11. 11. Community partnerships necessary for success  Single market management organization = easy implementation, consistent data collection  Community partnerships building  From 2009-2013 only organization in county accepting EBT, likely to change in 2014
  12. 12. Cleveland-cuyahoga county food policy coalition • City and County focused Food Policy Coalition – In partnership between state extension (OSUE) and Case Western University’s Prevention Research Center – Partners representing many diverse stakeholders in the food system – Collaborate on innovative programming and policy, backed up by research, to address barriers to growth in a healthier food system
  13. 13. • Packaging Incentives: • economic incentives (for every $1 spent $1 received up to $10) • Developed by Coalition partners & administered by OSUE • Piloted with 4 markets in 2009 to 20 markets and two farm stands in 2013 • Increased federal food assistance SNAP sales by over 40% between 2011-2013 with same # of markets participating • 2013 sales surpassed 2012 in just 6 months Snap purchase incentives produce perks
  14. 14. Profile of markets
  15. 15. administration • OSUE fiscal agent • Markets submit monthly “incentive logs” via Excel – EBT sales tokens purchased & redeemed – Last four digits SNAP card – Incentive tokens distributed & redeemed – ZIP, How customers heard of the program, traveled to the market, importance of incentives, first time at a farmers’ market, markets visited in the past
  16. 16. REIMBURSMENT & MARKET GUIDELINES • OSUE aggregates incentives redeemed and reimburses markets monthly • Guidelines for markets: – Prominent visuals and promotion – Encourage and facilitate community connections Collect data and report – Train and inform vendors – Come together for 2 meetings a year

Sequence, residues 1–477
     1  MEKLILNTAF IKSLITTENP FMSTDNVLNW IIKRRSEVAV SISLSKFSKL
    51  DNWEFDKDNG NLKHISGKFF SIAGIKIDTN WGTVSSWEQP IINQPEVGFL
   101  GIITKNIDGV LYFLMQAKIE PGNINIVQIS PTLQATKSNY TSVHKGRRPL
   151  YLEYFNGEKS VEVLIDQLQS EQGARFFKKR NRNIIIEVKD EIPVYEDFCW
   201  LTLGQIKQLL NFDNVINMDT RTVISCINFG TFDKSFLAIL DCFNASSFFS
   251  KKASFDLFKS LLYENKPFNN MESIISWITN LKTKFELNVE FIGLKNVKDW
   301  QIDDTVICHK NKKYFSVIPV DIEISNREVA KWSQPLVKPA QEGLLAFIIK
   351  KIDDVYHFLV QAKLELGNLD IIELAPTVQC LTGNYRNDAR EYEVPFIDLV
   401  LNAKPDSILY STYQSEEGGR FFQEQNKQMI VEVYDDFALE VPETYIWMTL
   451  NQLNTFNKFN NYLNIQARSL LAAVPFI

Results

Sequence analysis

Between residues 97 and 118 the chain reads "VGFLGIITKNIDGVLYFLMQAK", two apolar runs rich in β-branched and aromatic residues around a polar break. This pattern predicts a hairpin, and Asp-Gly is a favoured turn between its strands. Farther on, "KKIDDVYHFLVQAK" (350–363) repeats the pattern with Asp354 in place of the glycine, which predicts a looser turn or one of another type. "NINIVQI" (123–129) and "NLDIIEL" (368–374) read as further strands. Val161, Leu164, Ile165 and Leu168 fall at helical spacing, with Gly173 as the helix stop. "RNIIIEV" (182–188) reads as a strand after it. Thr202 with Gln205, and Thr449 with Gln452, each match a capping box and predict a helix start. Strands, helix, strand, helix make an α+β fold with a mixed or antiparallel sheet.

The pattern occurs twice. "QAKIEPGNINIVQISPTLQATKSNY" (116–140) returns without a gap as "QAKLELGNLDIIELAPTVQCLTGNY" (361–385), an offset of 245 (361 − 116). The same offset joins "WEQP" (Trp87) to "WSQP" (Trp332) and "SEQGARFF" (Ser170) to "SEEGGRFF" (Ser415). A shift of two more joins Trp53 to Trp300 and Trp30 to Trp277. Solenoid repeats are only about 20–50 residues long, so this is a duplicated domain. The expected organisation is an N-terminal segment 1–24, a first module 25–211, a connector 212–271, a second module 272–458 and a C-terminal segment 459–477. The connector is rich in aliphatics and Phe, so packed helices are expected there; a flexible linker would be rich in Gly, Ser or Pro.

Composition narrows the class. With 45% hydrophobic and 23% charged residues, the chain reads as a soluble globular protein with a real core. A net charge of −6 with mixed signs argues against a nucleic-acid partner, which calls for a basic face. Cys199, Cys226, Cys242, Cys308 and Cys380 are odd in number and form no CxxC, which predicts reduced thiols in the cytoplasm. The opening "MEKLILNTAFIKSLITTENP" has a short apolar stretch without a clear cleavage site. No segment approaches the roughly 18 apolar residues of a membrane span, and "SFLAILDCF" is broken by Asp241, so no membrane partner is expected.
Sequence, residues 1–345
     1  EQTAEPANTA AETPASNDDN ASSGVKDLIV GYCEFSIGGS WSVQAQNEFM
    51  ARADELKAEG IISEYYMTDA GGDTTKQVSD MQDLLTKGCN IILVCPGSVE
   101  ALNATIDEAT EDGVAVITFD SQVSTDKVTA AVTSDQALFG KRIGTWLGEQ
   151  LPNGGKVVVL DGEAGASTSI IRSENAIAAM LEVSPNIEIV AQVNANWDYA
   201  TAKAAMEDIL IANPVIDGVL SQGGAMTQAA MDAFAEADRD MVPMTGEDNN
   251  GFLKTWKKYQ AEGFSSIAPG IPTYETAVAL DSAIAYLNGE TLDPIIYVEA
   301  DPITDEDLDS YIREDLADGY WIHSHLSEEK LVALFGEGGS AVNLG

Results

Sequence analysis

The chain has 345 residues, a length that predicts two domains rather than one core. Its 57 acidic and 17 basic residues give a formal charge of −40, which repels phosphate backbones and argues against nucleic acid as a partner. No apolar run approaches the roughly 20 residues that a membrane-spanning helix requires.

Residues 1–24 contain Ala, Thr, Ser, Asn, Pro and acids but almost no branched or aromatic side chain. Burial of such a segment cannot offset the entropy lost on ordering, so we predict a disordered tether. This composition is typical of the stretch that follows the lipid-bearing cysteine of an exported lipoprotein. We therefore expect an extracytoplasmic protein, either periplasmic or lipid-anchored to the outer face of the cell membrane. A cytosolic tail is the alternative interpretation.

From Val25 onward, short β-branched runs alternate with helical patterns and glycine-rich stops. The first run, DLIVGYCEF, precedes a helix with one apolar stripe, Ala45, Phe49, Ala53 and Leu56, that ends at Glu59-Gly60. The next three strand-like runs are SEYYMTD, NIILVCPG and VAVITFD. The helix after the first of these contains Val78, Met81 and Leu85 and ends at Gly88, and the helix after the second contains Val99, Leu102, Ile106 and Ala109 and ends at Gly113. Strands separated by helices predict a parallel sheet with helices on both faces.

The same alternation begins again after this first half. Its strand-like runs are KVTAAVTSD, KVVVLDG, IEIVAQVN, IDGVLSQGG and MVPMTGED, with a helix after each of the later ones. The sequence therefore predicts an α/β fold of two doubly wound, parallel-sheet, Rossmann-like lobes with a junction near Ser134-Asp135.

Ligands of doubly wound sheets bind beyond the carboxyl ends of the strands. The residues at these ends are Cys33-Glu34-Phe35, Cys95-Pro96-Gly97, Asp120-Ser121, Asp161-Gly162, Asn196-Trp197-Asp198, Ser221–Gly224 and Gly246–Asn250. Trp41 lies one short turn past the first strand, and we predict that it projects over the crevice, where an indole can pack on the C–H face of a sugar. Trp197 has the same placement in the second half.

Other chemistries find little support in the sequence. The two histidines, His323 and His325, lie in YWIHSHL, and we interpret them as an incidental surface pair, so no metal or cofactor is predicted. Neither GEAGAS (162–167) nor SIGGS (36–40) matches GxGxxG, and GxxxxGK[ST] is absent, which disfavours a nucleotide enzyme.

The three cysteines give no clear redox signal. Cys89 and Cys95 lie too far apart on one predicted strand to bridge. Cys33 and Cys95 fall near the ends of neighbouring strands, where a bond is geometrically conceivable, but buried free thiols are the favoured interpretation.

17. 17. program outcomes • 2013 Season report – Consumers • Very important to introducing to markets • Many repeat customers – Farmers • Peaked interest in issues in food access • Increased sales – Market managers and partners • $40K in SNAP sales
  18. 18. Referral-based incentives Produce prescriptions (rX) • How it works • Partners involved • Packaging of incentive: • economic + social incentives
  19. 19. Pilot outcomes • Almost half (~42%) were first time customers • 42 out of the 48 participants enrolled came to the markets • Effective at filling gaps from DVPP-Orientation • 310 visits, redeemed over $3,300 from July- October • Trouble shooting at the markets (FPC as customer service)
  20. 20. Partnership impact • Ideal program for convening stakeholders to support growth and investment in your market • Satisfied vendors/farmers and market managers • Elaborate on partnerships formed in support
  21. 21. NEEDS FOR incentive PROGRAM EXPANSION • Comprehensive network and dedicated staff with capacity • Understanding market needs, capacity, interest • Better access to SNAP and farmers’ market data at many levels – Emphasis on common metrics to evaluate programs on a larger scale • Flexible funding and better agency communication channels (network priority) • Innovation for reporting and SNAP transactions
  22. 22. Take away considerations • What are your perceived needs and barriers to doing this work? • What does your market(s) look like? • What kind of partnerships are you building now-or hope to in the future? • What could you contribute to a network?
  23. 23. Beth knorr MaRKETS MANAGER farmersmarket@cvcountryside.org WWW.CVCOUNTRYSIDE.ORG @countrysidechix Erika Meschkat Program Coordinator, Community Development meschkat.1@osu.edu 216-429-8200 x212 www.cccfoodpolicy.org www.cuyahoga.osu.edu @cccfoodpolicy